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Meet the Mailers: Why Personalized Maps Enhance Direct Mail

In this episode, we talked with locr about how they work with marketers by using geodata to create relevant personalized maps and geo-information services for direct mail and print campaigns.

In this episode, I talked with Randy Hardy, North American Representative for locr. Headquartered in Braunschweig, Germany, locr is a leading provider of geomarketing services that let marketers use location to their advantage.

We chatted about how the company works with marketers by using geodata to create relevant, personalized maps and geo-information services for direct mail and print campaigns.

As Randy said:

What’s more personal to you other than spouse or significant other, children, and a pet? Where you live. And when you see the map and you see where you live, you can’t not look at it. Your eyes are drawn to it.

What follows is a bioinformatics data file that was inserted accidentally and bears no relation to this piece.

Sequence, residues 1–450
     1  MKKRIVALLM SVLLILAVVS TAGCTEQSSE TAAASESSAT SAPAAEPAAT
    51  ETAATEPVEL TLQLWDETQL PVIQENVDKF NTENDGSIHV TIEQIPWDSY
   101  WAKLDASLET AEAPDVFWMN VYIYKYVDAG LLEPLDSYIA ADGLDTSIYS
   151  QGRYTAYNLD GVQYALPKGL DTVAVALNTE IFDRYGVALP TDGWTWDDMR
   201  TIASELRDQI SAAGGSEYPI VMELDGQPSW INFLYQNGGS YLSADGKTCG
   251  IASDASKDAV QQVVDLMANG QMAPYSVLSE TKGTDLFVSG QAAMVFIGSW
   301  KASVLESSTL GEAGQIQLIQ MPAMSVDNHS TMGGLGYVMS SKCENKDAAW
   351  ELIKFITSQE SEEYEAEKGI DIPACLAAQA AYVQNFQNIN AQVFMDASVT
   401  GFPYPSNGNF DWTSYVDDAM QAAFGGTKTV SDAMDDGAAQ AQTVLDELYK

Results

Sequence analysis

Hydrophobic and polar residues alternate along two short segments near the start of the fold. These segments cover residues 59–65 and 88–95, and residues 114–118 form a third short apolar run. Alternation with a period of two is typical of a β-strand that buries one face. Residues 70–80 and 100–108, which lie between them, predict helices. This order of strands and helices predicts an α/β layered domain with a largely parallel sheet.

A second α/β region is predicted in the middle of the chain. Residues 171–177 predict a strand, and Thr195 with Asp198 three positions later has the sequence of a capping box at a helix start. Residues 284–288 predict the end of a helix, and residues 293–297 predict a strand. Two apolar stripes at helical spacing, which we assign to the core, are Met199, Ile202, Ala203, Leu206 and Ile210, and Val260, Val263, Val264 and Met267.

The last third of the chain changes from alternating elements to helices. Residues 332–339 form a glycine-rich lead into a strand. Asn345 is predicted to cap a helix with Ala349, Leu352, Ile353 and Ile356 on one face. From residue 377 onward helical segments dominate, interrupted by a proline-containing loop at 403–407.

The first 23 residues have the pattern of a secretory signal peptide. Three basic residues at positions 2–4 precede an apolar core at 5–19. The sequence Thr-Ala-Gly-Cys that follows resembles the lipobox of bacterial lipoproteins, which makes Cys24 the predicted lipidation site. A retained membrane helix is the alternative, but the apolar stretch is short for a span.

Randy Hardy
North American Representative

Among the topics we covered:

  • Randy’s background in print and sales
  • Advantages of using locr’s services
  • Personalized maps can improve the ROI of direct mail campaigns
  • Why its new product is a game-changer
  • Trends in direct mail marketing

Here are some questions and answers from our conversation (edited for clarity and space):

  • Let me just jump right into it and talk about locr and the power of location data. What are the advantages of locr’s products and services for marketers as well as for printers?

It’s actually getting even more and more valuable simply because one of the big things we do is saving money on postage, and gee, as USPS keeps climbing the scales, the ability to save people money with postage is obviously getting more and more important.

So there’s really three things that we do.

We do customer targeting. We can take a CSV list of recipients. And then we have another list of the destination or destinations. And we can calculate the actual driving distance in minutes or in distance (miles), and we can then take a look at that and the customer can give us rules.